“[I was finally] feeling better out on the court, feeling healthy and getting used to everything,” Rivers says, “and then I go down in the Duke game, so it kind of happened all over again. It was kind of like, start-stop, start-stop, and I was like, `Oh my gosh, when is this going to stop?'”

Luckily for Rivers and the Hoyas – who are thin at the guard position behind starters Wallace and sophomore Jessie Sapp – the injuries ended with the calendar year. In 2007 Rivers has stayed healthy, appearing in every Big East contest, as well as each of the Hoyas’ post season matches.

“When you look at Jeremiah, he’s gotten comfortable,” Georgetown Head Coach John Thompson III says. “We’ve gotten comfortable with him. His teammates have gotten comfortable with him, and the minutes that he gives us are invaluable.”

On the season, Rivers is averaging over 11 minutes a game, with many of those minutes coming when Wallace or Sapp get winded or into foul trouble. But a significant number of minutes are also coming when Thompson needs a lock-down defender. Rivers is arguably the best defensive player on the Hoyas, and it is that aspect of his game he says he is most proud of.

“I take pride in my defense a lot,” Rivers says. “A lot of times Coach asks me to guard – most every game, actually – he puts me on their best player and I love that because it’s a good opportunity to go against the best of the best.”

Rivers is also a steady ball handler, equally adept with both his right and left hands. He has never had more than three turnovers in a contest and, when it comes to crunch time, Rivers gets more sure-handed instead of shakier. In Georgetown’s win over Belmont in the opening round of the NCAA tournament, Rivers dished out a career-high seven assists and had just one turnover as he looked more like a wily veteran than a freshman making his first appearance in the Big Dance.

“I think he was great,” Sapp said of Rivers’ performance against the Bruins. “Jeremiah brings a lot to the game. Today he showed how well he can pass. He does that a lot. Today was his time to show it, and he showed it. I’m really proud of him.”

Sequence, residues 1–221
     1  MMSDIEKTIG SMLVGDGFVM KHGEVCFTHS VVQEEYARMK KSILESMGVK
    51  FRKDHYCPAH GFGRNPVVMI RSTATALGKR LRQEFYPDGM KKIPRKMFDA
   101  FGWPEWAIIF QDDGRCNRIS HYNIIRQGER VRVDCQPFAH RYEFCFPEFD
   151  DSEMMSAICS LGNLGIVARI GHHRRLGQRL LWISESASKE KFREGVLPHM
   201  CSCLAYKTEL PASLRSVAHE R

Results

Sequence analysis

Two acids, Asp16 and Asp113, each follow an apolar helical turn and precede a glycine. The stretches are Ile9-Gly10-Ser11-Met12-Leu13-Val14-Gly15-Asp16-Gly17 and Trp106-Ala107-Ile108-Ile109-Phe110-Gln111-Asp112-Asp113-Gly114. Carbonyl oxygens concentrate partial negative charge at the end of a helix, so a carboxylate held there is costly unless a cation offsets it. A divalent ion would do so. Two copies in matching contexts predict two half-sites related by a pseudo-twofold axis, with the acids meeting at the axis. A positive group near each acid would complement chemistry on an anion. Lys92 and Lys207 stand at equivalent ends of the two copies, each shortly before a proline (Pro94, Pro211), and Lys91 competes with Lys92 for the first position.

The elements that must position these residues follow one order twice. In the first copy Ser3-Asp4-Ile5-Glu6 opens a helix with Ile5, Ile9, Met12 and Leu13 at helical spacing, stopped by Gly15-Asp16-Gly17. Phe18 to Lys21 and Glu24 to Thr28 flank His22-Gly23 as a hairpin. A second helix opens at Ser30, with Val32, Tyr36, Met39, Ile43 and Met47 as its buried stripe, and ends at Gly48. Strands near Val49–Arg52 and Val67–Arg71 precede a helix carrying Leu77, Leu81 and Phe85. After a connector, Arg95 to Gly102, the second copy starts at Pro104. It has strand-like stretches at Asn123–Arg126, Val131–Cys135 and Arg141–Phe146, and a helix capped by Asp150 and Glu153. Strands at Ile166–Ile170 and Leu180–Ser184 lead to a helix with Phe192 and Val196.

Rivers is often criticized for his jumpshot – or lack thereof – but teams have learned not to sleep on the stocky guard with the mop of curly hair. At Cincinnati in late February, Bearcats Head Coach Mick Cronin purposely left Rivers unguarded, daring him to shoot the three as his man double-teamed junior center Roy Hibbert in the paint. But Cronin’s strategy backfired and Rivers burned him, knocking down back-to-back treys as the Hoyas took the lead and never looked back.

“That was huge,” Thompson said of Rivers’ threes after the Cincinnati game, “because, one, we were down and, two, they decided not to play him. They weren’t guarding him at all. His man was doubling Roy, and so he got two open looks and he banged them.”

Sapp, who also struggled with his shot during his freshman year, says he has faith that Rivers’ shot will grow more consistent as he gets more comfortable on the floor.

“Everybody talks about how much his shot is off, but he can shoot,” the sophomore guard says. “I think he’s just like me last year, a little nervous, but once he gets it going he’ll see it. He really can shoot it. Once his confidence gets up he’s going to be very good.”

And if help from his coaches and teammates isn’t enough, Rivers can always look to his father for advice, even when he may not want it.

After winning the Big East tournament, as the Hoyas retreated from the floor of the Garden, Rivers was out in the hallway with his father and brothers instead of in the locker room with his teammates as they continued their celebration. Before he had even had a chance to shower and change out of his uniform, Doc Rivers was already giving him advice on his form and dissecting his lone missed three-point attempt in that contest. Some would be annoyed by such an undying dedication to basketball, but Rivers does not take it personally – it’s just family.